On your Medium day, you’ll do three ladders of one less rung than the heavy day, so the first medium day will start with three ladders of two. After that, you’ll do two to twelve minutes of swings at a moderate pace. Roll the dice and then do about 70-80% of what you think you could do in that many minutes if you were going all out.
On your easy day, you’ll do three ladders of two less rungs than your heavy day, so the first easy day will start with three ladders of one. Afterwards, you’ll do two to twelve minutes of Snatch. Your goal is to do 50-60% of what you think you could do in the allotted time if you were to go all out.

You can set the days to be Heavy then Medium then Easy, or Easy, Medium, Hard at your preference. I like my heaviest workout on the weekend, but it’s up to your personal preference. If you’re just dying to get started with some hard work, maybe you’ll want to start with a heavy day. If you want to ease in, start easy. Use your best judgment.

The next week, add an extra ladder to each day. The week after, add another. Once you’re at five ladders, it’s time to start increasing rungs. Add one rung each week until you’re up to three on your easy day, four on your medium day and five on your heavy day. If you can’t do the entire designated ladder, do what you can. Do not blindly follow the plan to failure and injury. If you find you added a rung and can’t do it with excellent form, take a note in your workout log (you DO keep a record, right?) and try again next time, and you can add the next rung when ready.

Finally, when you’ve reached five ladders of five rungs, maintaining form, it’s time to increase weight. I suggest jumping 4 kg (8.8 lbs). Take that heavier weight and drop the volume back to the beginning (ie: Heavy day is no longer five ladders of five, but is back to three ladders of three) and start building back up. True Confession: When I could do five ladders of five with the 20 kg I went to buy a 24 kg but they were all out. So I bought a 28 kg (after giving it a few practice swings, cleans, presses and snatches to confirm safety). It’s been quite difficult, but nothing tells your body to get stronger like a hefty increase in weight. 4 kg is a perfectly large boost, unless you are well-conditioned or you started out much too light.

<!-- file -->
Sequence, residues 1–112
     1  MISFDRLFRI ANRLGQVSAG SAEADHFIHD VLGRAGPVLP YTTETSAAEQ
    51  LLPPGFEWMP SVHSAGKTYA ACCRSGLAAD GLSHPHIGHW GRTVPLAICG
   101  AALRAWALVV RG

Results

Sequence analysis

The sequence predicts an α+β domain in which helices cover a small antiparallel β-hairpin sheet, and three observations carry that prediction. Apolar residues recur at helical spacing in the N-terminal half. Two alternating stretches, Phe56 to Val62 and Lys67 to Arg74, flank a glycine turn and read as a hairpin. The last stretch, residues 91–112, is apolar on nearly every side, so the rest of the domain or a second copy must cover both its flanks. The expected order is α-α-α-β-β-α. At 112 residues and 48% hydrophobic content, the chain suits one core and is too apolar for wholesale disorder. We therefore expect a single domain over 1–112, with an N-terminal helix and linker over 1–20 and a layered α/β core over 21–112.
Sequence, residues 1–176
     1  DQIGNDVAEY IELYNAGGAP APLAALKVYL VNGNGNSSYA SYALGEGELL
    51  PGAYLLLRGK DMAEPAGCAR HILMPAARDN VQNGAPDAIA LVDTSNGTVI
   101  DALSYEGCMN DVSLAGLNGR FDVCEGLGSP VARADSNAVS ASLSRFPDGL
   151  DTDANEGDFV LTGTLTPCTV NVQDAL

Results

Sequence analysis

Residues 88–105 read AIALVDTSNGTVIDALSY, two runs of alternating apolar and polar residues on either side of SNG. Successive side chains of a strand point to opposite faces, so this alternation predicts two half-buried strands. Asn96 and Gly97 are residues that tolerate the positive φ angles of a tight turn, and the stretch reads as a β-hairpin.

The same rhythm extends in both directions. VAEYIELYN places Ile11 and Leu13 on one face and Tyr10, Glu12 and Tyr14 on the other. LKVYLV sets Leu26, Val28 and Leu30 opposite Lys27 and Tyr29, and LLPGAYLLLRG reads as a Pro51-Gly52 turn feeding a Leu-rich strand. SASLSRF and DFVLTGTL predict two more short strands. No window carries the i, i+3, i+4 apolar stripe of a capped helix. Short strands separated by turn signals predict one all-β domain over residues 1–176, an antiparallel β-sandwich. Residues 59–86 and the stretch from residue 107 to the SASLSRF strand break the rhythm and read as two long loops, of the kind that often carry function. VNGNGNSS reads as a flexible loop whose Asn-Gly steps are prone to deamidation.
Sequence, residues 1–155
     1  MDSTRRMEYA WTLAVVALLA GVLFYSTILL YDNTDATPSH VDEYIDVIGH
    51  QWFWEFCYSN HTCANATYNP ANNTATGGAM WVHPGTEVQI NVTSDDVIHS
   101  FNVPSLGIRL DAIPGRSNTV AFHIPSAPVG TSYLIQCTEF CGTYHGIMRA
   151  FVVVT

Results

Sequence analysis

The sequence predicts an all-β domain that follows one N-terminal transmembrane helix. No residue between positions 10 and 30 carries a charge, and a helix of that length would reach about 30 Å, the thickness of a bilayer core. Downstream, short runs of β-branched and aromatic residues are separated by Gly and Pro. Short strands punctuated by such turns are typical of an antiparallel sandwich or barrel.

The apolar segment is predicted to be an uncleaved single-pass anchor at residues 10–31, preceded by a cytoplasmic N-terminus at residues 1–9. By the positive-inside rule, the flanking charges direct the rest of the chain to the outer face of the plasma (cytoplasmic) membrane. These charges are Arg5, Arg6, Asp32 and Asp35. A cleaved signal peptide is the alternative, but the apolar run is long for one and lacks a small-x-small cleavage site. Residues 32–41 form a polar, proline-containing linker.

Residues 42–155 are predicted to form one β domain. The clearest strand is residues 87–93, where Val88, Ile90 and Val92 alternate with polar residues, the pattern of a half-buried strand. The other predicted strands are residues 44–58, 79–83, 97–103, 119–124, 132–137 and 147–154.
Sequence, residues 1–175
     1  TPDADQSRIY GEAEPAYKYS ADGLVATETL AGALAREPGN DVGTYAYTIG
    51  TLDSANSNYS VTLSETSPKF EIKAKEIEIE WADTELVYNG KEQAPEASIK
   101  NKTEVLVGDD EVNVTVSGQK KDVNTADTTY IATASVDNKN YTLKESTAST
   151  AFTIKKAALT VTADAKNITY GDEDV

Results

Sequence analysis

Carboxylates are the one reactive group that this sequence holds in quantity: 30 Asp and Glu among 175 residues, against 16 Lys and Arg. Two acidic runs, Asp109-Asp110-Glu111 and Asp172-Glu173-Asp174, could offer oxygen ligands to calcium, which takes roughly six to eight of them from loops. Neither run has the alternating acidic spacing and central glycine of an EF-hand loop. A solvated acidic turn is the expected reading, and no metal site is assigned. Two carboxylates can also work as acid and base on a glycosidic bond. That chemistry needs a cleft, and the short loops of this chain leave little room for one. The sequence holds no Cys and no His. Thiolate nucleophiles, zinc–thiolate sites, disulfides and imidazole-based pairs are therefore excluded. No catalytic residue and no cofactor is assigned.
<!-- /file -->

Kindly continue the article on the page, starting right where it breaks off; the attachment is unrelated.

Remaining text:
In between ladders, it’s important to rest. Rest is an important variable to manipulate depending on your goals. For now, let’s start with thirty seconds to one minute of rest between sets on your easy day. As you start really pushing a heavy weight and are feeling the load, don’t be shy about taking three to five minutes. Trust the science of strength training. You’ll also get ample cardio and conditioning benefit from the high intensity bursts of doing your ladders, as well as from all the swings you’re going to be doing, so you don’t need to do extra cardio or anything else to trim the fat and get stronger.

In my next post, I’ll show you some things you can add to this program when you’re ready, as well as cover some things to do on your variety days and rest days.

Here are some videos to help you out.

Interested in knowing more about online training with Nathan Walton so you can experience the benefits of kettlebell training?  Click these links to learn more about how it works and coaching fees.


Leave a Reply

Your email address will not be published. Required fields are marked *